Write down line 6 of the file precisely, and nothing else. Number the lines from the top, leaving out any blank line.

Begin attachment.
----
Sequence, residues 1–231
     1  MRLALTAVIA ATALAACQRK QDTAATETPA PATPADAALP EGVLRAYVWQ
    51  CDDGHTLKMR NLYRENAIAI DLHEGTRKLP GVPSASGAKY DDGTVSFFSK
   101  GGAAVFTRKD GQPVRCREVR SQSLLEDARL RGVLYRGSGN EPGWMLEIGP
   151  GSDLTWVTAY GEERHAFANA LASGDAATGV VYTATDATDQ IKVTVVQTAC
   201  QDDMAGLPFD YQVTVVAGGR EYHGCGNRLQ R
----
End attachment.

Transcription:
   201  QDDMAGLPFD YQVTVVAGGR EYHGCGNRLQ R